Star Wars Outlaws gangs will send hit squads after you if you upset them

6 days ago 36

Very sensitive people, criminals

Kay Vess overlooks a vista on the planet of Toshara in Star Wars Outlaws. Image credit: Massive Entertainment

The open world action game Star Wars Outlaws is coming out next month and developer Massive Entertainment have already shown off some of the speeder biking and laser-trading in various trailers. But recently they've spoken a little more about the player's scummy travels across the galaxy, including how big some of the explorable planets will be, and what happens when you piss off the Hutts. In short, you're going to have a price on your head. Makes sense.

“Your reputation moving in the positive direction unlocks a lot of things for you,” says Mathias Karlson, game director at Masssive, telling IGN all about the various factions in the game. Cosying up to the Hutts, Pykes, Ashiga Clan, and Crimson Dawn will let you enter certain zones without being treated as hostile, for example, or it could unlock landing pads in new places. It might also get you discounts with the more rogueish traders, leading to some "exotic rewards".

"But if you really get on their bad side, that's another thing that you'll feel dynamically in the game because they actually send hit squads out for you in the open world to try and take you out.”

Sounds like some of that emergent gameplay I've heard so much about. But it goes the other way too, with good reputation sometimes causing momentary allies during a fight, says Karlson.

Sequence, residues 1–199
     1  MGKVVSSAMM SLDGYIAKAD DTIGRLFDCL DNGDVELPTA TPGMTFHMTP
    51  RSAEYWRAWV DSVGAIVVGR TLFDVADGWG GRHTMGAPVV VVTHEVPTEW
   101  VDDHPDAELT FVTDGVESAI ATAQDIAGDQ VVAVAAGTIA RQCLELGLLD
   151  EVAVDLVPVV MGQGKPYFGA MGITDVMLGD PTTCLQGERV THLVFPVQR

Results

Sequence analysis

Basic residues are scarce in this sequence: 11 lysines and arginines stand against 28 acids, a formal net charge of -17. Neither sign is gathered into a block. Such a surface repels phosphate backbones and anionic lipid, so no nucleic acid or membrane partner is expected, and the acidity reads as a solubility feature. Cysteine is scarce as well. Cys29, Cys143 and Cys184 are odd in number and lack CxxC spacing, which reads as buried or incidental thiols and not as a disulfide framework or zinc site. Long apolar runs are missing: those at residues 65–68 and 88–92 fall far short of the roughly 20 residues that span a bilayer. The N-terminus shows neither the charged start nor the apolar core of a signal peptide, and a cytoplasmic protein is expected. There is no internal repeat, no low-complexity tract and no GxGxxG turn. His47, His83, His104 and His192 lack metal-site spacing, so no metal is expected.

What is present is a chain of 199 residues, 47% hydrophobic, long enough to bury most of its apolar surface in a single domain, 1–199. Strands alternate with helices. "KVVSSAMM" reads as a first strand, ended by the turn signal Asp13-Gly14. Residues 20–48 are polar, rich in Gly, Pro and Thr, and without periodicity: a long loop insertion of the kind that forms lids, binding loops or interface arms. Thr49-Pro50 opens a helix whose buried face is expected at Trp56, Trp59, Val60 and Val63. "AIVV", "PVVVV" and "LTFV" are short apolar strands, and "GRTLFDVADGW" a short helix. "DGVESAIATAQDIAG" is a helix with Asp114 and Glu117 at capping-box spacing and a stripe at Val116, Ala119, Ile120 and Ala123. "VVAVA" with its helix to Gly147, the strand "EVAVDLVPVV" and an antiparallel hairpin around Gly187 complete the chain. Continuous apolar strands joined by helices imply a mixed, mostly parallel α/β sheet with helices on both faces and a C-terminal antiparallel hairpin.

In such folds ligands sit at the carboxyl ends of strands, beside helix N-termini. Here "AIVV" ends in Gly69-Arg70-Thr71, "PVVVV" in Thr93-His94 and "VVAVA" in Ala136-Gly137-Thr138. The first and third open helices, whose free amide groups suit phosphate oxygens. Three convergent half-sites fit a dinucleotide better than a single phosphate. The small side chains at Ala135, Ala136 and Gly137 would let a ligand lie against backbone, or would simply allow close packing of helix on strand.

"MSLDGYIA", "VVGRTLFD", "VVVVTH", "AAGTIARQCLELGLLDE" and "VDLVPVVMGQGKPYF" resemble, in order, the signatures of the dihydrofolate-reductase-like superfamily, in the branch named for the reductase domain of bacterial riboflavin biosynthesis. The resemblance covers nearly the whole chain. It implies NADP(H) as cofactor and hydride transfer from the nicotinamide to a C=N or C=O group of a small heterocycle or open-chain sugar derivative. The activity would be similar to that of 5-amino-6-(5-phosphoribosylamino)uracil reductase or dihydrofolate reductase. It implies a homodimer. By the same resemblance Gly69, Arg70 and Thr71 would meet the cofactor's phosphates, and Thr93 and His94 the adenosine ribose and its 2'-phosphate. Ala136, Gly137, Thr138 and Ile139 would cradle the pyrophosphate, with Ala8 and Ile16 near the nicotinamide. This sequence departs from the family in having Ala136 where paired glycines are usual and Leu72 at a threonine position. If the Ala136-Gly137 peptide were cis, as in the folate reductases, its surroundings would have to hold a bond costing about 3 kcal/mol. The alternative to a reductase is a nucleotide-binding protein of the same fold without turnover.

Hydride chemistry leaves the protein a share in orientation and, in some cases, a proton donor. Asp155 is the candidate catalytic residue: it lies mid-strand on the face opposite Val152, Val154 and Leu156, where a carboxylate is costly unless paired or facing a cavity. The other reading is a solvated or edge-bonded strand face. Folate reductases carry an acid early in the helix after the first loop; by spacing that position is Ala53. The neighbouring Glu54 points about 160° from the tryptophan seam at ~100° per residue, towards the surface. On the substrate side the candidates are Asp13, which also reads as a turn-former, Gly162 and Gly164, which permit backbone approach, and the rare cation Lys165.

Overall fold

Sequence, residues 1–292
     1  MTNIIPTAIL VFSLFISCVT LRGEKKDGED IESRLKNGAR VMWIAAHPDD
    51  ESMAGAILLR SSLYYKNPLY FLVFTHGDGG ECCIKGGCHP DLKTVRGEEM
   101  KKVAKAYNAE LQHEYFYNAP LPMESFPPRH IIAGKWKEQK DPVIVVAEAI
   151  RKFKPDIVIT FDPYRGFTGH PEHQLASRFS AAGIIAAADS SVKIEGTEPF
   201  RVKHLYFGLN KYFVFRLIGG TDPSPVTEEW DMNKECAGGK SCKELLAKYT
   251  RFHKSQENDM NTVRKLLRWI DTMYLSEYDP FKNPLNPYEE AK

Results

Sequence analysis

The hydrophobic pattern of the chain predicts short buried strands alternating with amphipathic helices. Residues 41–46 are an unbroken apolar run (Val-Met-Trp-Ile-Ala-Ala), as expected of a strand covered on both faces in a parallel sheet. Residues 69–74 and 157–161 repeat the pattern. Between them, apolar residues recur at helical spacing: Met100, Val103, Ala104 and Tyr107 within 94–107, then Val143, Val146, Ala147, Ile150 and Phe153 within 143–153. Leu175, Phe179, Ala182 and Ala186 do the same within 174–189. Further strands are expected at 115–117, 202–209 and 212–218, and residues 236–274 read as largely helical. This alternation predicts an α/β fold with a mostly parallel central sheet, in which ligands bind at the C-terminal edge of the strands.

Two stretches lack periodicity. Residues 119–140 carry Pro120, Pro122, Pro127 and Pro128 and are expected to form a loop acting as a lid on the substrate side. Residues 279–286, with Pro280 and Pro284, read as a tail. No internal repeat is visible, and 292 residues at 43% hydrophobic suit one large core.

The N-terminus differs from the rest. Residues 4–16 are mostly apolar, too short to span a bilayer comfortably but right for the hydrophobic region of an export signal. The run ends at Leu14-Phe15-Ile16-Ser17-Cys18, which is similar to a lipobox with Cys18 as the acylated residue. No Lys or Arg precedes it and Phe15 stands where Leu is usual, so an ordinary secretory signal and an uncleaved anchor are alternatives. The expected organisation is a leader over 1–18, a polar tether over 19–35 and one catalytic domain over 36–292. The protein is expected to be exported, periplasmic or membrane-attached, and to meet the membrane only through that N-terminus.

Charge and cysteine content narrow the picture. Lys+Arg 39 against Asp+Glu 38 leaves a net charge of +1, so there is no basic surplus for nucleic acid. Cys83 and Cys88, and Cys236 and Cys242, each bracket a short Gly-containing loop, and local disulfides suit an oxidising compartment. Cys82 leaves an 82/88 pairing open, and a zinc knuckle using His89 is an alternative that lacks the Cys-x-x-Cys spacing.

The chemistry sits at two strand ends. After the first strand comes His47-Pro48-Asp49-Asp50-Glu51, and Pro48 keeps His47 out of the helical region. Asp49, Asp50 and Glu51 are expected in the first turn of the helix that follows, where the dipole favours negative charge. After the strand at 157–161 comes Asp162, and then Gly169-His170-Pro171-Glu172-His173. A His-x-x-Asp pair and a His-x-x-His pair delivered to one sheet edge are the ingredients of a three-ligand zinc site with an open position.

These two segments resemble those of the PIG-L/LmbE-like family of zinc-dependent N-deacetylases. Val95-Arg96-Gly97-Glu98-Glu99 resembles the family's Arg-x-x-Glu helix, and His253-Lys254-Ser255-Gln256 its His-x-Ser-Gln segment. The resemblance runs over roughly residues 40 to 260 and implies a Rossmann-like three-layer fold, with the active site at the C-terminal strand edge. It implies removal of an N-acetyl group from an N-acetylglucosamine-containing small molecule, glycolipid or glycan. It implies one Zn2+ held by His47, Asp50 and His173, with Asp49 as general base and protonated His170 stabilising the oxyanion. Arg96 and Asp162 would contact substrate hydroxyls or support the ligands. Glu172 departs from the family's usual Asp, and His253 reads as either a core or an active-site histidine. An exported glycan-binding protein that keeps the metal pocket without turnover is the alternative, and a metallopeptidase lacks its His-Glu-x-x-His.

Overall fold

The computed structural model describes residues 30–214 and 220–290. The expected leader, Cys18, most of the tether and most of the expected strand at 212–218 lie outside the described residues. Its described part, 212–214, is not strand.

“If you've, for whatever reason, ended up wanted and you're being chased by the Empire, and you cross paths with a syndicate that you have a really good reputation with at the moment, they might join in and help you out,” he says.

That sounds familiar. The Division series (Massive's previous work) often sees different factions getting into small gunfights with one another, and Far Cry's warring freedom fighters often get into scrapes with the enemy when you're around. But neither is fully tied to a reputation system. The hit squads sound interesting too, but again this may remindsome folk of the mercenaries that would hunt you down in Assassin's Creed Odyssey, for example. Don't get me wrong, open world Star Wars sounds cool. But this is an Ubisoft game after all, and they are not ones to stray from a formula.

Elsewhere in the IGN video, the developers talk about the scale of the planets you'll be zipping across. They compare the size of some planets to two or three zones in Assassin's Creed Odyssey and say you can cross the playable surface of one of these planets, Toshara, by speeder bike in about five minutes.

"[It] doesn't sound like a lot," says Julian Gerighty, creative director at Massive, "but once you're committed it's a fairly large amount and you are always going to be distracted."

Some of that distraction might come in the form of geographical easter eggs, scenery and locales that fans are probably keen to go an visit.

“We can lean into the virtual tourism aspect of, ‘Hey, what is the distance between the moisture farms and Mos Eisley and the cantina?” says Gerighty. “There is a linear roller coaster story, a golden path, if you will. And around that, of course, there's the open world.

"There's a very structured intro that leads you to crash land on Toshara, which is a moon that we created with LucasFilm Games,” he says. “And once you finish the sort of linear narrative on Toshara, the other planets open up and it becomes completely non-linear and you can choose to tackle those [worlds] in any order you want."

Everything I see about Star Wars Outlaws reminds me how much I enjoy the visual design of Lucas' bonkers interstellar opera. But I also have no illusions as to the icon safari usually offered by Ubisoft open worlds. So consider my eye pleased, yet expectations unmoved. The IGN video, on the other hand, is pretty exhaustive and contains an impressive amount of tidbits, so it is worth watching if you're rubbing your Mon Calamari mittens with anticipatory glee.

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